Above, from left to right: Calendar page for June from The Belles Heures of Jean de France, Duc de Berry, 1405–1408/1409. Pol, Jean, and Herman de Limbourg (Franco-Netherlandish, active in France, by 1399–1416). French; Made in Paris. The Metropolitan Museum of Art, New York, The Cloisters Collection, 1954 (54.1.1); detail of the activity for the month; detail of the zodiacal symbol Cancer. See the Collection Database to learn more about this work of art.
‘Tis all enforced, the fountain and the grot,
While the sweet fields do lie forgot . . .
—Andrew Marvell, “The Mower, Against Gardens”
The scythe supplanted the sickle, an ancient hand tool that continued to be used to harvest grain throughout the Middle Ages, in the course of the twelfth and thirteenth centuries. Originally used for cutting hay, the scythe came to be used for grain in the sixteenth century. The form of the medieval scythe varied from place to place, and many variations on the basic form can be seen in Books of Hours produced in different periods and locales. (See www.hayinart.com for some examples.) The snath, or handle, of the scythe shown in the Belles Heures is curved, but straight-handled scythes are not uncommon.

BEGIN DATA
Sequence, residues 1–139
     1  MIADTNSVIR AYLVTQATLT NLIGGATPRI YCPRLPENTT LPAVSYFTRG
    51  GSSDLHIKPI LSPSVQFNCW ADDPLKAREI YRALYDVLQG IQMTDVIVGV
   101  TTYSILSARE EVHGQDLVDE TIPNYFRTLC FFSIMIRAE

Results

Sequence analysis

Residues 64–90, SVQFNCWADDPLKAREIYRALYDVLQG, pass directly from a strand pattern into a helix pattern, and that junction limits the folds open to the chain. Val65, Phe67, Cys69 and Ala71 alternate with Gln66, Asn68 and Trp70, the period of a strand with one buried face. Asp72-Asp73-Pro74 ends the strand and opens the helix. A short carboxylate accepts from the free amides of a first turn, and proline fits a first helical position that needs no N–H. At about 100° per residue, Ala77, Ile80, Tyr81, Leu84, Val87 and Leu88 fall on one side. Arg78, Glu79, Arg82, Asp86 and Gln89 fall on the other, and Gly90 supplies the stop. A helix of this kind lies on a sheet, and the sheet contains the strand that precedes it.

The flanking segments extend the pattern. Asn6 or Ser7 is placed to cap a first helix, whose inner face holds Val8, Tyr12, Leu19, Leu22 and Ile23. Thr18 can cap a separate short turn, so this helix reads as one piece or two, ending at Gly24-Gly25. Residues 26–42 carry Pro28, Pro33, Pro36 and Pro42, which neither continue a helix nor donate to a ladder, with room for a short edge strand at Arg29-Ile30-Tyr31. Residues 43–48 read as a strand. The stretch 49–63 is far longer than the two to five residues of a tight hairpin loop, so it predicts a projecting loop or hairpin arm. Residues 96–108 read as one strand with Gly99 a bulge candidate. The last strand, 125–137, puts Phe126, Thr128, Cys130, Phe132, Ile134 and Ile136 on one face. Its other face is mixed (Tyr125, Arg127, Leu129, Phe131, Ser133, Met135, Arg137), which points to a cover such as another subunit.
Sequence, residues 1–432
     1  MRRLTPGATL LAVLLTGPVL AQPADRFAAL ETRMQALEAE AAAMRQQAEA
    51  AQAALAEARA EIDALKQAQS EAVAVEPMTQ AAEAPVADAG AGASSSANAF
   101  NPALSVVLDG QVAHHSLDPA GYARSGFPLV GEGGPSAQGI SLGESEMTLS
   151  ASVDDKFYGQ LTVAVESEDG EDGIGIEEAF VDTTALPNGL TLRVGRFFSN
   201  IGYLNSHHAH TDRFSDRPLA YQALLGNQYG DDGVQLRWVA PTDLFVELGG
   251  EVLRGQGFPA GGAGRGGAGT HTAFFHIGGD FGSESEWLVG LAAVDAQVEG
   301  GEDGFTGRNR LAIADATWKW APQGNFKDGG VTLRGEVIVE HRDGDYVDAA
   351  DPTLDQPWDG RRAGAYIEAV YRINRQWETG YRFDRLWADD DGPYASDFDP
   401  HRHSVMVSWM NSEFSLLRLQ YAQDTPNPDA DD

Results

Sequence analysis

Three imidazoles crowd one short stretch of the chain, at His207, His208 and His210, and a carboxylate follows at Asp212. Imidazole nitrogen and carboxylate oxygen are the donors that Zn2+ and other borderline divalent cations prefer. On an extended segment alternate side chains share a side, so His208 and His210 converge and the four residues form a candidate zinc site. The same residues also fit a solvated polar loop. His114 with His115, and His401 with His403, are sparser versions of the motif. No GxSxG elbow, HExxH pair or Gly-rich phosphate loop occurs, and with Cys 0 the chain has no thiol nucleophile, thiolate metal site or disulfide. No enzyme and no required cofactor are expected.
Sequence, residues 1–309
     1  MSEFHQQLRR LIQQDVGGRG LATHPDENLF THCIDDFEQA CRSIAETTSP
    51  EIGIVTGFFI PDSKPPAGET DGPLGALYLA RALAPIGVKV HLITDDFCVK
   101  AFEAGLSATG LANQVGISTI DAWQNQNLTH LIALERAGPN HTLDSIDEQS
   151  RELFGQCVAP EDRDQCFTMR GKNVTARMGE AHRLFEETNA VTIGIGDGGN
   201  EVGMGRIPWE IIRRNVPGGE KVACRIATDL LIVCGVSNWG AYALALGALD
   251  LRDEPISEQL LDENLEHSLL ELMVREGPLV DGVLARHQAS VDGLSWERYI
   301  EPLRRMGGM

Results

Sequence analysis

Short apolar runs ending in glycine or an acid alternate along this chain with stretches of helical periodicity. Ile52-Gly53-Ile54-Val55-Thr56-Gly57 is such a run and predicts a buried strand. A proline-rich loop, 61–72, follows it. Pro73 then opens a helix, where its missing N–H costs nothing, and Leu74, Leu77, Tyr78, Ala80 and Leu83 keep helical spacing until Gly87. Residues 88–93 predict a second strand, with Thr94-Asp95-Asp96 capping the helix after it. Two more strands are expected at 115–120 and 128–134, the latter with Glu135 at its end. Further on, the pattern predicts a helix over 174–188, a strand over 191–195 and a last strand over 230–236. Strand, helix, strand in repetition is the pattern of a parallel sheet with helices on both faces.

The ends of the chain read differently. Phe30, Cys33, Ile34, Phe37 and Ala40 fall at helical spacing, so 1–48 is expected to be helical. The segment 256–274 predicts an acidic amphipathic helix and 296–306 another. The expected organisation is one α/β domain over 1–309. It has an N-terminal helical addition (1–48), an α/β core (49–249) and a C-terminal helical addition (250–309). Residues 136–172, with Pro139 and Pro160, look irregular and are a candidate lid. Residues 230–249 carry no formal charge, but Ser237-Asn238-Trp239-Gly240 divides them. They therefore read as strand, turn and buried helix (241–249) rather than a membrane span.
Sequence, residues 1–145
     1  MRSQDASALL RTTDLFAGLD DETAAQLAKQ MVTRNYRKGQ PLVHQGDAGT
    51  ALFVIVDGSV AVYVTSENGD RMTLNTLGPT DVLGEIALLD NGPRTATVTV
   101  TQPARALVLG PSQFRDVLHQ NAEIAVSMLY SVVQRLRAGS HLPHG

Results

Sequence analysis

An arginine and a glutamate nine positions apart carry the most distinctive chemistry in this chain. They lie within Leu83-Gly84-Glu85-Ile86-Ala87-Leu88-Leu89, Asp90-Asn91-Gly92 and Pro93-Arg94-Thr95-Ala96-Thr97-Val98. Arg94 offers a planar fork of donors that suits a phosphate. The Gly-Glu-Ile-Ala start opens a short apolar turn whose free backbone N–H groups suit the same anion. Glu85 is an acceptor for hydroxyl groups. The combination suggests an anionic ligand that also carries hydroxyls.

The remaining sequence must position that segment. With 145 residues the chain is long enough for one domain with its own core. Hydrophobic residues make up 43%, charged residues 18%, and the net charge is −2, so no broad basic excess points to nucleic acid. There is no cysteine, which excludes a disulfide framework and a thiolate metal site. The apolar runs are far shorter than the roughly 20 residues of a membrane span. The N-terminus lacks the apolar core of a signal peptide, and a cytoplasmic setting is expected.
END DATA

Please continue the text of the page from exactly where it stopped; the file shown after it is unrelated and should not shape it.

The reaper armed with a scythe moves forward, swinging the tool from right to left in an almost semicircular movement. At the end of the swing, the center moves from the left heel, and the scythe is drawn closer to the wielder. The blade of the scythe is kept parallel to the ground, and the mower leans forward toward the end of the stroke in order to compensate for a tendency to lift the blade. As each strip is cut by a stroke, the mown grass forms a “swath” or “swathe” at the left-hand side of the mower (Dorothy Hartley, Lost Country Life, 1979).
The importance of hay as fuel in an economy based on animal husbandry and the labor of horses and oxen can’t be overestimated. There has been a revival of interest in the use of the scythe as a green technique. In 2001 a second edition of David Tresemer’s The Scythe Book: Mowing Hay, Cutting Weeds, and Harvesting Small Grains with Hand Tools, a comprehensive treatment of the history and technique of scything first published in 1991, was issued. The work has inspired many, and the politics, poetics, and practice of this medieval technique occupy a significant niche in cyberspace. There are websites devoted to the art and science of scything, as well as the sale of scythes, sharpeners, and accessories, and a goodly number of videos demonstrating the proper use of the tool can be found on YouTube.
I took a scything course a few years ago, but haven’t kept my hand in. Do any of you scythe?